Sunday Independent (Ireland)

Vlasta Dal­i­bor

Czech-born refugee who co-cre­ated, with hus­band Jan, the squeaky-voiced, pop­u­lar pup­pets Pinky and Perky

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VLASTA Dal­i­bor, who died last Sun­day aged 94, was the co-cre­ator, with her hus­band Jan, of the un­melo­di­ous porcine pup­pets Pinky and Perky.

Ar­riv­ing as refugees from Cze­choslo­vakia, Vlasta and Jan Dal­i­bor set­tled in York­shire in 1948. Jan had been a painter and Vlasta an ac­tress, but the Com­mu­nist takeover had left them with noth­ing. While Vlasta took a job as a maid to make ends meet, the cou­ple dis­cussed how to turn Jan’s hobby of modelling mar­i­onettes into a ca­reer.

“I had al­ways been in­ter­ested in pup­pets,” Jan re­called, “and Vlasta sug­gested I make some pup­pet pigs be­cause the pig is a sym­bol of good luck in Cze­choslo­vakia.” He cre­ated the fig­ures out of glass fi­bre and Vlasta dressed them in out­fits of her own de­sign. To dif­fer­en­ti­ate be­tween the two on black-and-white tele­vi­sion, Perky was given a beret.

The cou­ple be­gan per­form­ing dur­ing the 1956 sum­mer sea­son at Heysham, for £25 a week. Trevor Hill (pro­ducer of The Sooty Show) saw them and gave them their own BBC TV se­ries. The pair were ini­tially called Pinky and Porky, but ‘Perky’ was adopted af­ter Hill’s wife Mar­garet pointed out “pork is some­thing you eat”.

Their de­but was in Pinky and Perky’s Pop Pa­rade in Oc­to­ber 1958, set in the myth­i­cal ra­dio sta­tion POP (later “PPC TV”), with Roger Mof­fat as the sta­tion an­nouncer.

The BBC granted the Dal­i­bors the light en­ter­tain­ment slot be­fore the six o’clock news, and grown-up au­di­ences warmed to the pigs’ gen­tly sub­ver­sive hu­mour and high-pitched ren­di­tions of speeded-up pop songs. Their pop­u­lar­ity soon ex­tended across both Bri­tain and the US, and Hill al­ways thought that his and the Dal­i­bors’ pi­o­neer­ing work paved the way for The Mup­pet Show.

Pinky and Perky joined The Bea­tles and Mar­lene Di­et­rich on­stage for the 1963 Royal Va­ri­ety per­for­mance, and the fol­low­ing year they ap­peared in Amer­ica on The Ed Sul­li­van Show. Elvis was fre­quently among the au­di­ence mem­bers when the pair ap­peared in cabaret in Las Ve­gas. The arty pup­pet ‘es­tab­lish­ment’ re­sented the pair, how­ever, as did some mu­si­cians. Paul McCart­ney dis­missed them as “wooden pup­pets with lit­tle piggy faces”. None­the­less, Pinky and Perky’s cov­ers of songs – in­clud­ing Yel­low Sub­ma­rine – sold in vast num­bers.

Vlasta Cely was born on May 22, 1921, in Brno, Cze­choslo­vakia, where her father had a for­ward­ing com­pany. She at­tended the Lan­guage High School and the Janacek Academy of per­form­ing arts.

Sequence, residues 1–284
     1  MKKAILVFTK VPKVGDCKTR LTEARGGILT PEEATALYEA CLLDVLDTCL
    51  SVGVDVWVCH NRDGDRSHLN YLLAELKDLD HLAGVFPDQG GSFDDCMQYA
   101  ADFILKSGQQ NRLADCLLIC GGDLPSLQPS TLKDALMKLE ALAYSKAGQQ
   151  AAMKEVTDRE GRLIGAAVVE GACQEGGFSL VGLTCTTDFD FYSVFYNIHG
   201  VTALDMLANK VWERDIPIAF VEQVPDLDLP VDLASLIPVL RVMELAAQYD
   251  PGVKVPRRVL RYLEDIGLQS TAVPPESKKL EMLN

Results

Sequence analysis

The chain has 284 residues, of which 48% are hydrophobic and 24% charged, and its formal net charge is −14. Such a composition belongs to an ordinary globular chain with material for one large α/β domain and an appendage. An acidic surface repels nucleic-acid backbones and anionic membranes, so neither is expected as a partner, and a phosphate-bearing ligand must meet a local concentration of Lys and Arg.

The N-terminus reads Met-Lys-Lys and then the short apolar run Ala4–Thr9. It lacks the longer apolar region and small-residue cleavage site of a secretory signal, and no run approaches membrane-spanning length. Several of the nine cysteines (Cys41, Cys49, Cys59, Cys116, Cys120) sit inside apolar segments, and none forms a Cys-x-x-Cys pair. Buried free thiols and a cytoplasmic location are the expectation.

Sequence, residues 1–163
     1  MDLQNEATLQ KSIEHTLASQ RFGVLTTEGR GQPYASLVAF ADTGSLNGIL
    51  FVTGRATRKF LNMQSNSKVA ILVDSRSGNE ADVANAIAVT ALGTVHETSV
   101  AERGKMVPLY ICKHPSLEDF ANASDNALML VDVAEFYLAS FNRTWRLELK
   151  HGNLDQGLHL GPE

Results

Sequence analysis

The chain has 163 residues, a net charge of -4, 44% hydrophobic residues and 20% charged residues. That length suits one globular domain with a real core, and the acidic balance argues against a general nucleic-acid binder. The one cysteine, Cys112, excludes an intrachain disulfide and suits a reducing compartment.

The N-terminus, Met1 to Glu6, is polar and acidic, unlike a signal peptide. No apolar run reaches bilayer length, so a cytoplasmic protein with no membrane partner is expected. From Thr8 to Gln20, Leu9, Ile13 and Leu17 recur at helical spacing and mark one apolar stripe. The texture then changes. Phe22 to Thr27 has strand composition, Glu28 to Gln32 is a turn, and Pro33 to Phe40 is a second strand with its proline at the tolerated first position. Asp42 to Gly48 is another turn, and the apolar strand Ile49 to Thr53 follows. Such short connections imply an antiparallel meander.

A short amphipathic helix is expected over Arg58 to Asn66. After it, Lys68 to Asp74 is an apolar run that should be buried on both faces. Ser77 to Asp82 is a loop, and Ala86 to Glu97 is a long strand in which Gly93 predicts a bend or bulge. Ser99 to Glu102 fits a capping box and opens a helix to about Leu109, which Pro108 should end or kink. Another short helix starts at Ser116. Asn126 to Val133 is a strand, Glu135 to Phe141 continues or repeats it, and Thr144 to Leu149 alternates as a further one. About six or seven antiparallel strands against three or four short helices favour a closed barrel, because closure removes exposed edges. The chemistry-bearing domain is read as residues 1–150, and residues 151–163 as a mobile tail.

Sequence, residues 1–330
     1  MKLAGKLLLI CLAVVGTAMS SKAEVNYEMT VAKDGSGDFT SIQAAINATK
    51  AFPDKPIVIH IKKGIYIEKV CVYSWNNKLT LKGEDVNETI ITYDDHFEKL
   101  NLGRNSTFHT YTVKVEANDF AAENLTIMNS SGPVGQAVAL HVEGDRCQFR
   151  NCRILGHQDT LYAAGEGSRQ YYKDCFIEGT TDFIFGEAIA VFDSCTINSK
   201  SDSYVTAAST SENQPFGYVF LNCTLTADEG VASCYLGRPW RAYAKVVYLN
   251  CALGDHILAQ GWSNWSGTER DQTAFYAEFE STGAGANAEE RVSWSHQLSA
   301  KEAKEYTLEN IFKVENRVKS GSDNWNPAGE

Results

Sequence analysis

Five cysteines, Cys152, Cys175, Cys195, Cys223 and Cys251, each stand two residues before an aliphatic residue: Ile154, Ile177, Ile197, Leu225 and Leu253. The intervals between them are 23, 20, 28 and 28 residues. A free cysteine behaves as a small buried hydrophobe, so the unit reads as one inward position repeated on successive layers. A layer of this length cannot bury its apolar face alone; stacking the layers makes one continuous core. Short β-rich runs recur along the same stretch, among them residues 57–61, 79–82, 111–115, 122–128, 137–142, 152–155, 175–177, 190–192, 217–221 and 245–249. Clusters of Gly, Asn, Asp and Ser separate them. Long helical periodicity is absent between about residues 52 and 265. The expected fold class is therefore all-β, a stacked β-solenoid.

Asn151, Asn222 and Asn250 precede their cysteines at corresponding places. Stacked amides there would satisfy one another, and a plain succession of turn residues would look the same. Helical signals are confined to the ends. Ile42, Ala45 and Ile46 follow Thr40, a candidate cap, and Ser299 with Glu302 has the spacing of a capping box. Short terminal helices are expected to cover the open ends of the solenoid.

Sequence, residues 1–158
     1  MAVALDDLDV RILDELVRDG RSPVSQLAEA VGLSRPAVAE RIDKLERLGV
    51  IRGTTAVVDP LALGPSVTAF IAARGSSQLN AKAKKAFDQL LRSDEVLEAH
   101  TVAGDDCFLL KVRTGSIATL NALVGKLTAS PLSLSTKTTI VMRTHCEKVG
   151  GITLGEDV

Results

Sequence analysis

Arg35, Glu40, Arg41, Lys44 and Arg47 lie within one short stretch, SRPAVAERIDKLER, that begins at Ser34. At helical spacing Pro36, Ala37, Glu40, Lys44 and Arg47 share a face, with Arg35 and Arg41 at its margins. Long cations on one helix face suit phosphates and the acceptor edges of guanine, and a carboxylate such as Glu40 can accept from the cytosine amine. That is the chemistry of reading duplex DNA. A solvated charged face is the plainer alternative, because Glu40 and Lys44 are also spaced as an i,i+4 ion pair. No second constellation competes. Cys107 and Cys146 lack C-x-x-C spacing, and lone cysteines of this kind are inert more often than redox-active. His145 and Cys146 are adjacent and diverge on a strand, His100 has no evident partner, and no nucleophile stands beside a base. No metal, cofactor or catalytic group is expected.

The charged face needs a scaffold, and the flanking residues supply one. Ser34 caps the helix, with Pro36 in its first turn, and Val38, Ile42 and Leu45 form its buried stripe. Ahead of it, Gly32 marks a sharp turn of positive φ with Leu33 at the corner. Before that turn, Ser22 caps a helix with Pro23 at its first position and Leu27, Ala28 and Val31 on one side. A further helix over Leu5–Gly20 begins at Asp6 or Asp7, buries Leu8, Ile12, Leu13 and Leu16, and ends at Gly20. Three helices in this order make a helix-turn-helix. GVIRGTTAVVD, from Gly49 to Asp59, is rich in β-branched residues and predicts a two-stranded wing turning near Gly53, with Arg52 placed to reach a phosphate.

She and Jan Dal­i­bor were in­sep­a­ra­ble from the age of 13, but af­ter the Nazi an­nex­a­tion in 1938, Jan was re­moved from his po­si­tion as an arts lec­turer and put to work in a fac­tory, while Vlasta was ap­pointed sec­re­tary to a Ger­man busi­ness­man. “When the Rus­sians came [in 1944], we thought we were free,” she re­called. “I told them how glad we were to have Cze­choslo­vakia back. But they just laughed and said, ‘This is Rus­sia now.’”

She and Jan mar­ried at the end of war, but de­cided to es­cape. In 1948 they were ac­cepted into Bri­tain. Jan took a job as a stone­breaker, and turned to pup­peteer­ing af­ter win­ning a Na­tional Coal Board com­pe­ti­tion with a sculp­ture made from soap. De­spite the suc­cess of Pinky and Perky, their ten­ure at the BBC was not with­out its dif­fi­cul­ties. A skit on political can­vass­ing filmed prior to the 1966 gen­eral elec­tion was post­poned on the grounds it was too sen­si­tive to broad­cast. Mean­while, Mary White­house took um­brage at the pigs’ “cal­lous” at­ti­tude to­wards their hu­man co-stars.

In 1968, the Dal­i­bors ac­cepted an of­fer from Thames Tele­vi­sion, but in the event only two more se­ries made it to air. The Dal­i­bors re­tired in 1973 and sold the rights to Pinky and Perky in 2000. There were at­tempts to re­make the char­ac­ters for a mod­ern au­di­ence, in­clud­ing a se­ries for CBBC and a mooted — but shelved — scheme for a late-night ‘adult’ se­ries. Vlasta was unim­pressed: “I think we brought them up to be proper.”

Jan Dal­i­bor died in 2013. The cou­ple had no chil­dren.

 ??  ?? PUP­PET MAS­TERS: Vlasta Dal­i­bor and hus­band Jan with their cre­ations Pinky and Perky. Photo: Tele­vi­sion Stills
PUP­PET MAS­TERS: Vlasta Dal­i­bor and hus­band Jan with their cre­ations Pinky and Perky. Photo: Tele­vi­sion Stills

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